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GOP-Backed Texas Voter ID Law Could Help Wendy Davis

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AP Photo / Nick Wass

The hope among Davis supporters is that the Texas voter ID law will actually motivate women to vote Democratic, even if they weren't likely to in the first place. Jessica McIntosh, communications director for the pro-woman, pro-Democratic fundraising group EMILY's List, said that women are taking note of the voter ID law and how they create new barriers to voting and "are going to see through it." She said the law is likely to push more women voters in places like Texas and elsewhere to vote for Democrats.

"I mean that's...historically where women voters are going and I think it's pretty obvious because of the regressive agenda that Republicans are pushing," McIntosh said.

The Democratic Governors Association have slammed the law as a direct attack at both Davis and women voters in Texas.

"Texas Governor Rick Perry's voter ID law is a blatant effort to defeat Wendy Davis by disenfranchising tens of thousands of women voters," Democratic Governors Association senior adviser and spokeswoman Lis Smith wrote in a recent fundraising email a week earlier. "Gov. Perry and his handpicked successor, Greg Abbott, are trying to undo the voting rights women fought for - a century ago! It's downright anti-democratic. If Wendy had been Texas' governor, she would have stopped it cold."

But as Slate's Dahlia Lithwick recently noted, through talking to a number of election law experts, there's reason to believe that the law would actually disenfranchise more conservative women more than liberal men who change their names tend to fall on the more conservative side of the political spectrum. This is particularly important in a southern red states like Texas where divorce and remarriage rates are much higher than the rest of the country.

Matt Angle, who runs the Lone Star Project in Texas and serves as an adviser to Davis, said that one of the goals with the law has been to hit women voters. He added, though, that the new Texas voting law could make conservative women voters pause before casting their vote.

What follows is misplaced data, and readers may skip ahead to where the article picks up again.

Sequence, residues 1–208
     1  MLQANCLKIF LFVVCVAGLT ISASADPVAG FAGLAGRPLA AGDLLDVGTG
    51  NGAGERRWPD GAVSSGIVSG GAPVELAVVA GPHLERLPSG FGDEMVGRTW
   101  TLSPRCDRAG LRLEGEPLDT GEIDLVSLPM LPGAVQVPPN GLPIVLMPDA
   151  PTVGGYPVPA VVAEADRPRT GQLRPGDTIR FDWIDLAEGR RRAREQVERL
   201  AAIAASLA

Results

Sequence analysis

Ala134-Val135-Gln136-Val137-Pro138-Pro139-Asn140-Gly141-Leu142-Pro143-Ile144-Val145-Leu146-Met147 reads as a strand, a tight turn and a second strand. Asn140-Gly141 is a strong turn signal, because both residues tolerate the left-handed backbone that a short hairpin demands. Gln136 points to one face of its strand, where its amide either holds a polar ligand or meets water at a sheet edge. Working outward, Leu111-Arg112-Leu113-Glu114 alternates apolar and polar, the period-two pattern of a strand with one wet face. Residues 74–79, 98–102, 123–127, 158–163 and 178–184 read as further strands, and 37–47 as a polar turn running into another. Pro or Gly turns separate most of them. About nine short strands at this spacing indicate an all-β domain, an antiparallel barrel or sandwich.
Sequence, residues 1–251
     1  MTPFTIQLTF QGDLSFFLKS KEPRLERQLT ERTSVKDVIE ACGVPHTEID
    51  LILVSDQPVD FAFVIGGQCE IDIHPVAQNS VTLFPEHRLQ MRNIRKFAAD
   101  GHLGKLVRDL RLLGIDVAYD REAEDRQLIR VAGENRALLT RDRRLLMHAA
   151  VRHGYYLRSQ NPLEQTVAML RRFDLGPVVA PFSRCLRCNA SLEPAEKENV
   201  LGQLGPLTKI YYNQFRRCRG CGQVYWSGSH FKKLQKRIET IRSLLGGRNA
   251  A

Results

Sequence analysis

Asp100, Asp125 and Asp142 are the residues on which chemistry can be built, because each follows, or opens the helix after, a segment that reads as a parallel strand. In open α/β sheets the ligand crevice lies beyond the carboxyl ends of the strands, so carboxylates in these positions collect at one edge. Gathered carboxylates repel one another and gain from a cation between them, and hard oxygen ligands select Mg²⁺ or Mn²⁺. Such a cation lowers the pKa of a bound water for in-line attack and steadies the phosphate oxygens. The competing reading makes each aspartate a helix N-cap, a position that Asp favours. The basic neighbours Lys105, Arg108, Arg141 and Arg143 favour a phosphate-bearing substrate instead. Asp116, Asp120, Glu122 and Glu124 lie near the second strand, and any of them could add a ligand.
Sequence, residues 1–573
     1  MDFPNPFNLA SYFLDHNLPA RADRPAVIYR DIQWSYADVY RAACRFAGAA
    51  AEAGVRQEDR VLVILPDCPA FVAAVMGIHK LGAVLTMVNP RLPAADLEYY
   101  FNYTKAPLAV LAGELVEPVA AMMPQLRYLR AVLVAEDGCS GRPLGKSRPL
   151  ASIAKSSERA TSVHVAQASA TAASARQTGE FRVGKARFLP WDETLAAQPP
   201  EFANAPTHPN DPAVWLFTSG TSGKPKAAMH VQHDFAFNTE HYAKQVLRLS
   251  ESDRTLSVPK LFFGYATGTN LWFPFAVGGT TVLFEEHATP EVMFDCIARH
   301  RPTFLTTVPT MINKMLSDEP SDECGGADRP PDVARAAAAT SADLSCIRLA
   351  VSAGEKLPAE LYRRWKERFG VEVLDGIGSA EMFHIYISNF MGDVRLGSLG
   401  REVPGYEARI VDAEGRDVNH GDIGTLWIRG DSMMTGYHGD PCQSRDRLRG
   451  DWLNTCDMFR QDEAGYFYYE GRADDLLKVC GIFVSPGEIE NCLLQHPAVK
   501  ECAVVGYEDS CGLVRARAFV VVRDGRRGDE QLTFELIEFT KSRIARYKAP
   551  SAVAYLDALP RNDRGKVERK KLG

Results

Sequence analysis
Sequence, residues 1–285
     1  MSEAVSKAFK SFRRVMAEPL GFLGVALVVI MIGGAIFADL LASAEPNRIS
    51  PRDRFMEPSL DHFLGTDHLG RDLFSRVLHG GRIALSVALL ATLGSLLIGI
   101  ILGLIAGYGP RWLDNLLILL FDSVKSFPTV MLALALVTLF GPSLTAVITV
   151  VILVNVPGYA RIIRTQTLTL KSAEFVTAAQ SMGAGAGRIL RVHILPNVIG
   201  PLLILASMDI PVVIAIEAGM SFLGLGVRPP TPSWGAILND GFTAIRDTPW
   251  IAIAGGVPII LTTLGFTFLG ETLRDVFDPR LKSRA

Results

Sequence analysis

Republicans in charge of voting at the county level "know that for every one or two Republican women they turn away, they can turn away many more potential Democrats," Angle told TPM on Monday. "Now, that being said I would hope and you would think that there may be some Republican women who raise objections to it."

Angle added that perhaps Republican women could "create enough stink" over the new barriers to voting caused by the law to put pressure on Republican politicians, but he wasn't optimistic that it would actually change the party's views on Voter ID. He expected Republicans to stay in lock step in support of the new restrictions.

About The Author

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Daniel Strauss is a reporter for Talking Points Memo. He was previously a breaking news reporter for The Hill newspaper and has written for Politico, Roll Call, The American Prospect, and Gaper's Block. He has also interned at Democracy: A Journal of Ideas and The New Yorker. Daniel grew up in Chicago and graduated from the University of Michigan with a B.A. in History. At Michigan he helped edit Consider, a weekly opinion magazine. He can be reached at daniel@talkingpointsmemo.com.